National Divorce Rates Falling

Aug 8, 2012 by

The latest report from the U.S. Census Bureau’s attempts to take the nation’s pulse through examining the hard data gleaned from that door-to-door effort contains some very interesting numbers related to marriage and divorce in the United States. It looks like the last fifteen years of endless reams of professional papers, along with reality TV shows and on-the-air talk show therapists weighing in on the subject may finally be having a positive effect in the area of divorce as the Census Bureau found that the divorce rates for most age groups have actually been dropping in this country since 1996 by an average of about 5 percentage points.

The divorce rate in the U.S. looks like it may have finally peaked for good, as the divorce rate spiked in the mid-80′s following the introduction of no-fault divorce laws in most states. Today, it appears the numbers are falling and the divorce rates for most age, ethnic and economic groups seem to have leveled off beginning in 2011. In the 80′s it appeared every marriage in the U.S. was at real risk of divorce as many different studies of marriage and family demographics tracking the changes in the population’s coupling patterns at the time showed the divorce rate was going up at an incredible rate.

Now, the numbers show a different and more positive story coming from several different angles. Fifteen years ago nearly 20% of women in the U.S. aged 25- to 29-years-old were divorced. The latest Census report now shows that particular percentage has dropped by nearly 30% to a much more manageable 14% of total women in the U.S. aged 25- to 29-years-old now being of divorced status. Of course, some sociologists have pointed out that the lower numbers of divorced women in this country may also be due in part to the trend of so many people aged 25 to 29 waiting longer to get married in the first place. American women in the age group 30- to 34 also saw a drop of about 20% in their combined divorce rate over the same period. The Census data did find one group that is not enjoying a lower divorce rate than it had over a decade ago in the rate of divorce among older women. Women aged 60 to 69 saw their divorce rate increase from 27% of all marriages in the late 90′s, to around 36% in 2011.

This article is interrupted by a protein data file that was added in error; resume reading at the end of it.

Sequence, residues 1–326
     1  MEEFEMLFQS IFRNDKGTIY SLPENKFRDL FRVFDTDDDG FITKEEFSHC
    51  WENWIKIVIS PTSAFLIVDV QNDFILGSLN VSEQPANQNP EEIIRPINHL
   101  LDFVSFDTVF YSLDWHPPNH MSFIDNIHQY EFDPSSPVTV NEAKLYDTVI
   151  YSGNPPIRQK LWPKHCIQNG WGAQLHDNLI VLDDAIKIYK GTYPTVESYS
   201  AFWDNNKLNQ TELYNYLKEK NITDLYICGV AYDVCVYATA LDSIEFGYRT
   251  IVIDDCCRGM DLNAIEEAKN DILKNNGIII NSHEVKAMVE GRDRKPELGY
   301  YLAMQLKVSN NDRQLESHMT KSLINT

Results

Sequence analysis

The latest numbers also show that married couples with two incomes today are usually more educated than they were a decade ago, and the resulting economic stability has served to strengthen more marriages overall. Some observers also point to the fact that the nation has shaken off the effects of the stress put on new marriages in the late 70′s and early 80′s when a huge number of women began entering the workforce, another factor that pushed up the divorce rate at the time. It appears the growing pains of the last two decades that resulted in so many divorces may now be easing. More young couples are waiting longer to get married, they are now more educated at the time of marriage, and the resulting greater family and marriage stability has resulted in a much lower overall divorce rate for almost every age group in the nation.

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